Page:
Interest Rates Are Expected To Increase Again

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Interest Rates Are Expected To Increase Again
Investors brace for another big interest rate increase this week from the Federal Reserve. The hikes are having an effect on homebuyers.

Another interest rate hike is approaching to temper inflation, but it's flaring tempers for some who are afraid the dream of a big purchase is getting too expensive. 

"I would die to be a homeowner," said Heather Blanchet, who's looking for a home. 

Another three quarters of a percentage point higher interest means the standard borrowing rate to buy homes, cars and put money on a credit card is climbing. 

That's straining people like Blanchet, who's staring down increasing monthly payments on her would-be mortgage. 

"Getting a loan, I feel like, is increasingly hard, interest rates are crazy," said Blanchet. 

But that's exactly the point for the Federal Reserve, which is trying to lower white-hot demand not just for homes, but for everything.

"It's not quite a buyer's market yet, but it's balancing out," said Joy Dysart, a real estate agent.  

In the housing market it's helping to balance the scales. While it could make a mortgage more expensive for now, it's also leaving sellers with fewer interested buyers and less power in the deal. 

"I think we are now entering a market where sellers are working with buyers and that's great when people are negotiating again," said Kelly Fogul, a mortgage broker. 

Garrett and Marisa Severen know how tough it's been for buyers. They bought a house earlier this year in cash, something they tried to avoid.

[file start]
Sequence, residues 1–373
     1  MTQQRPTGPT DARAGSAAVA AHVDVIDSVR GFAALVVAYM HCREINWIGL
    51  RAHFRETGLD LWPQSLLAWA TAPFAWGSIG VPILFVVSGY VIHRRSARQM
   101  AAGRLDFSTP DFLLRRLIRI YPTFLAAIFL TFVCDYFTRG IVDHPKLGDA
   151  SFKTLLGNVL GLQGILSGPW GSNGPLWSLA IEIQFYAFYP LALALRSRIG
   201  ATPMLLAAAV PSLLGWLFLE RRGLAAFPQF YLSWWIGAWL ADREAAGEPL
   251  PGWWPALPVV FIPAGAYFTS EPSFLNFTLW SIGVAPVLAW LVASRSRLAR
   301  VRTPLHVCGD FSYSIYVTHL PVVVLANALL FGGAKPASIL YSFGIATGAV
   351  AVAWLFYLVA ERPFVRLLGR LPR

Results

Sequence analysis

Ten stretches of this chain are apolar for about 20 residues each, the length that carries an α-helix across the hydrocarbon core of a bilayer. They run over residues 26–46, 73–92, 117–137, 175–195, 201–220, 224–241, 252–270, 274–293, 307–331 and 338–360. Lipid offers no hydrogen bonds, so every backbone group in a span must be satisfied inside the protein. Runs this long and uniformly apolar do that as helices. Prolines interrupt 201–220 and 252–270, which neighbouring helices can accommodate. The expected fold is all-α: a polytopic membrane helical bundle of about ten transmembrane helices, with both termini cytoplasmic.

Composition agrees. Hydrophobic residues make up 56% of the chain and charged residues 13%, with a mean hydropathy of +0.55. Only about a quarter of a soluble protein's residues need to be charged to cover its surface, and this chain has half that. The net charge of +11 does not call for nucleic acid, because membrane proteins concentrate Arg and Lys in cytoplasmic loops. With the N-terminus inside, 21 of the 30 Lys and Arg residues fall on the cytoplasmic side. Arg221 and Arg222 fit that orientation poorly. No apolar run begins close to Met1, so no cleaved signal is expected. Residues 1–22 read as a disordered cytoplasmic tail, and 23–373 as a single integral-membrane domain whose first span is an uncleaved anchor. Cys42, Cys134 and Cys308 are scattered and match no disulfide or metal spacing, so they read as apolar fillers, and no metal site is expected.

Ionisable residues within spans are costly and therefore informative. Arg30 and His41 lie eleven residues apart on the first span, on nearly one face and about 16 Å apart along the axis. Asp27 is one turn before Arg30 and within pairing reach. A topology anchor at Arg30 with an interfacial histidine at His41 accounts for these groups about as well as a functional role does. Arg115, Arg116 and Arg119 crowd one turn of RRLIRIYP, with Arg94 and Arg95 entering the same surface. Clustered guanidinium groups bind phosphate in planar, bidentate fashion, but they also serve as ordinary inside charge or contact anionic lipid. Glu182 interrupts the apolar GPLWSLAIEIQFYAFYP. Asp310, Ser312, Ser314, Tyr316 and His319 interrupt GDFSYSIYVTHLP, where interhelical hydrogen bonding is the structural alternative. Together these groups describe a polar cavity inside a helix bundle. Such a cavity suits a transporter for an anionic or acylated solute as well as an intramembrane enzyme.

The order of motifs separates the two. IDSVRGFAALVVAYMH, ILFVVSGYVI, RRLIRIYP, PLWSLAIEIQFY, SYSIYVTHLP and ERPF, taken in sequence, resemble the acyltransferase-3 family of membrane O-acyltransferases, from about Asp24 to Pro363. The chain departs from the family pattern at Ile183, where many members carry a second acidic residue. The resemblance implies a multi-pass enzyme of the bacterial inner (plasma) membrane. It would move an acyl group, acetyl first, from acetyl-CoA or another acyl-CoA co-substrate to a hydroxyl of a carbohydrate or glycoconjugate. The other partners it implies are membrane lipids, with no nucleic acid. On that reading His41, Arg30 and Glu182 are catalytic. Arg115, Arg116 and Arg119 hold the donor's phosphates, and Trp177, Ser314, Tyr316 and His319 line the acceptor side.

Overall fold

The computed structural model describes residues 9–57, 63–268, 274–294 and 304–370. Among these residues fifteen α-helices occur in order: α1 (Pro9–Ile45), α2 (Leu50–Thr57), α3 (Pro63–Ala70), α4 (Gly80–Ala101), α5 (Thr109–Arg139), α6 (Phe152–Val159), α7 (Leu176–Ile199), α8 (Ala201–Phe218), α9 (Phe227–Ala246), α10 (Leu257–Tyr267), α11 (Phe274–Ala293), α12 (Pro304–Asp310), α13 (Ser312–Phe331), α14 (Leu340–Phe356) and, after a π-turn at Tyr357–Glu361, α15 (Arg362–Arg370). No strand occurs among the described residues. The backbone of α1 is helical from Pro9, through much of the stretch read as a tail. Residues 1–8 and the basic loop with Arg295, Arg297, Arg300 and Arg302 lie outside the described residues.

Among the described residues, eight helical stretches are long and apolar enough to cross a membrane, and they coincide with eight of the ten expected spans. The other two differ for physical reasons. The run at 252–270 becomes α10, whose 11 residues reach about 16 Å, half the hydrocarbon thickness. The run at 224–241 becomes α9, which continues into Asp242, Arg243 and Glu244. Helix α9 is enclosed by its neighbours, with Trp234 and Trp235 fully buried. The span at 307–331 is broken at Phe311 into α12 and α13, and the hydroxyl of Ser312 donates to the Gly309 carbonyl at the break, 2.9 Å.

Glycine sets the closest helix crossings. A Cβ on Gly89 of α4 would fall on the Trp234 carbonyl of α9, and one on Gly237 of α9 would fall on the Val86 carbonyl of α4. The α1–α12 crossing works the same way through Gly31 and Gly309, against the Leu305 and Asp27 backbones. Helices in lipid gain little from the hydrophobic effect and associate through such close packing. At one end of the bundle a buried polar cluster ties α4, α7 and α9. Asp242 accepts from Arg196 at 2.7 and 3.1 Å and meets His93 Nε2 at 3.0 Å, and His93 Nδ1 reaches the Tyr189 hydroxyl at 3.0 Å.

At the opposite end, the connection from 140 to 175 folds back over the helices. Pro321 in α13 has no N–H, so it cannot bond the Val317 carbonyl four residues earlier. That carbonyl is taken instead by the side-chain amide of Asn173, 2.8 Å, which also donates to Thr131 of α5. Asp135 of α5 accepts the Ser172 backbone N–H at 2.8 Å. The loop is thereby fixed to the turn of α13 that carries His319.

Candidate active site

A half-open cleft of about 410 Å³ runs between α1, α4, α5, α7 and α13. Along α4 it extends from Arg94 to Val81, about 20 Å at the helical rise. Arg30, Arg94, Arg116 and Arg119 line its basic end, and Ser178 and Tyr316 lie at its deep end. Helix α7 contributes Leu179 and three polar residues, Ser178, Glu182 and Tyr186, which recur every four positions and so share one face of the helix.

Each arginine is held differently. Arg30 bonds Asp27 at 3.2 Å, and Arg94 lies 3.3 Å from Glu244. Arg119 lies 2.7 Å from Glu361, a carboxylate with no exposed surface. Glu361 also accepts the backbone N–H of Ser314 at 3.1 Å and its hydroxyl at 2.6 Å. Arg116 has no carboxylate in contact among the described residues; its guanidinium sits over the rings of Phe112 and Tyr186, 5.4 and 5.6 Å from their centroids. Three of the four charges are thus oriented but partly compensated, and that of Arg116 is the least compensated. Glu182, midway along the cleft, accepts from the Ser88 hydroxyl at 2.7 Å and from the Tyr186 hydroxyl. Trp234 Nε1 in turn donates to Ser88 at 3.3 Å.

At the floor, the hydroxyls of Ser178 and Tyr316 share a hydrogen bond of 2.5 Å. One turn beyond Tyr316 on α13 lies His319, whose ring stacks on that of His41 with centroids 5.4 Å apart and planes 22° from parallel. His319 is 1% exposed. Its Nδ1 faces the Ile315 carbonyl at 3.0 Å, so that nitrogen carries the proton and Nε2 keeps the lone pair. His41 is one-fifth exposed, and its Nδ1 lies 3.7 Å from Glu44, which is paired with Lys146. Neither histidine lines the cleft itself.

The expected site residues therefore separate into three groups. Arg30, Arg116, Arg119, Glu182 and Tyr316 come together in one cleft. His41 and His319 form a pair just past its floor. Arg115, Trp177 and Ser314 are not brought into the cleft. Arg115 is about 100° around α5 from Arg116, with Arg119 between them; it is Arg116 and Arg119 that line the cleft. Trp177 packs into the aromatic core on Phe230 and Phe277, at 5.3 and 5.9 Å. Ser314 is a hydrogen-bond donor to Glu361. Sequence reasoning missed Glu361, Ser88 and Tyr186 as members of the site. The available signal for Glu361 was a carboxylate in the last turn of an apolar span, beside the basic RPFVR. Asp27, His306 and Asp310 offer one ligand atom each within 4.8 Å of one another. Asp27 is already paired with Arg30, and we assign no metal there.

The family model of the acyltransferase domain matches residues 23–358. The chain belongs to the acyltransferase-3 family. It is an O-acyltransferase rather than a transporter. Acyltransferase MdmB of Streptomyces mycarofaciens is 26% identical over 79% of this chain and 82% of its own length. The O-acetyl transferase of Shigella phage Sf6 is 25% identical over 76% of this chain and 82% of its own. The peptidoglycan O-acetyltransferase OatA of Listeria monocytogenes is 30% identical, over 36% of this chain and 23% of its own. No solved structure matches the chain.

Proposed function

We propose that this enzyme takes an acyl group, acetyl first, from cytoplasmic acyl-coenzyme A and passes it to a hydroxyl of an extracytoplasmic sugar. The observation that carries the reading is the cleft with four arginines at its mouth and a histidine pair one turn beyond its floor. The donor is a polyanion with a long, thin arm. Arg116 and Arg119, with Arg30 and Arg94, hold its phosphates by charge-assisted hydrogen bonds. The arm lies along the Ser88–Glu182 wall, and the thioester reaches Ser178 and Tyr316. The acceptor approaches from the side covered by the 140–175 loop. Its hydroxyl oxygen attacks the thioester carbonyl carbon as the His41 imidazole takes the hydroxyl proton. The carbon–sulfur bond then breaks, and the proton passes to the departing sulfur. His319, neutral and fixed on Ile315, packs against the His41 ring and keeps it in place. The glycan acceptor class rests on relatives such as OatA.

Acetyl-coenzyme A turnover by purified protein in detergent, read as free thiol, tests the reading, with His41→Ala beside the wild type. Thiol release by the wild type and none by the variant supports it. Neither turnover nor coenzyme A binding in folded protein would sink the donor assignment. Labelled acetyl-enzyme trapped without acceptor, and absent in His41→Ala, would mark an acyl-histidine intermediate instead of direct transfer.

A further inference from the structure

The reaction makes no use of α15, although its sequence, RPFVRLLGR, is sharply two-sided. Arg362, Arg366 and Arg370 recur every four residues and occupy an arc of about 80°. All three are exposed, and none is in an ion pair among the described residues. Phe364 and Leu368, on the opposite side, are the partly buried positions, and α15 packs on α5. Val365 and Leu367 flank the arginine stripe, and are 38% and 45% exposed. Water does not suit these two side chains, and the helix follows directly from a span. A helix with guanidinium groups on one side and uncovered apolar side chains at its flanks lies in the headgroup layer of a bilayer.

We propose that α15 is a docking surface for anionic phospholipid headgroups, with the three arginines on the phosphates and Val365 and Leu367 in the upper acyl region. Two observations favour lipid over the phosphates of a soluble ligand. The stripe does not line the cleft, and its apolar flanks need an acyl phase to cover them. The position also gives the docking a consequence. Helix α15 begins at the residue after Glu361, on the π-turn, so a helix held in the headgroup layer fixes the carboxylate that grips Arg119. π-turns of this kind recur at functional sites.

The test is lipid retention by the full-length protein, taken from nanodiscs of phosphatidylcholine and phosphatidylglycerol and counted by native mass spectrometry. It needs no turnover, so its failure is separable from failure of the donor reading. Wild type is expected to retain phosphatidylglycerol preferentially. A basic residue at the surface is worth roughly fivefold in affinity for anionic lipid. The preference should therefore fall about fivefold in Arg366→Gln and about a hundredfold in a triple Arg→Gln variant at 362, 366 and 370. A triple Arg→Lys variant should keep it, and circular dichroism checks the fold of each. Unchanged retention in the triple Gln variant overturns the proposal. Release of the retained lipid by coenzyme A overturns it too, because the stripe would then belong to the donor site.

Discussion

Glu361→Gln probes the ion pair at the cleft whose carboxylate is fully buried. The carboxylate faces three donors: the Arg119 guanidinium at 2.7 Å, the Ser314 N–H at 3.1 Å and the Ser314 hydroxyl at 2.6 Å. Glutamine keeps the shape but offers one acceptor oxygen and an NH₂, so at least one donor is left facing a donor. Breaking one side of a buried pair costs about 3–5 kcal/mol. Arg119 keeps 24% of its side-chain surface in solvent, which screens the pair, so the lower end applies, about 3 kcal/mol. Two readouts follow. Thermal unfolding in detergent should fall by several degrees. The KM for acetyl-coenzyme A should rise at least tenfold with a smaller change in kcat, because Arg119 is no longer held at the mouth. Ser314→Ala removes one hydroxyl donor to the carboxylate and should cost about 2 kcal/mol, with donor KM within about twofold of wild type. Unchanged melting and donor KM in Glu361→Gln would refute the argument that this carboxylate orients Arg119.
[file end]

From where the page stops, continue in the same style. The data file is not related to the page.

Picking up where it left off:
"We probably had four houses that we really fell in love with that we lost because we didn't do cash offers," said Garrett Severen.  

And the number of homes being bought with cash is still above pre-pandemic levels

Redfin recently found more than 31% of homes are selling with all-cash offers. 

"A lot of the 'cash buyers' are people who are high net worth individuals who have leveraged their portfolio of assets, so they've taken a line of credit," said Holly Meyes Lucus, a real estate agent.  

Still, the cooling market can be good news for people needing a mortgage, like Alexis Sande and her fiance. They just bought a new home in Florida and had a much easier time of it than they would have just months before. 

"This house had been on the market for about five days. With the interest rates going up, we didn't have to get into a bidding war with anybody or offer more money for the home or anything like that," said Sande. 

Still, plenty will feel the pinch of a higher rate. 

And many like Zach Van Emmerick are counting on their lucky stars they bought a home when they did. 

"I think if I would have waited another month and that would have been at 6% it probably would have limited my purchasing power and it probably would have pushed me out of where I wanted to live and the city I wanted to live in. I don't know how much that would have raised my mortgage payment a month, a couple hundred and that hits pretty hard," said Emmerick.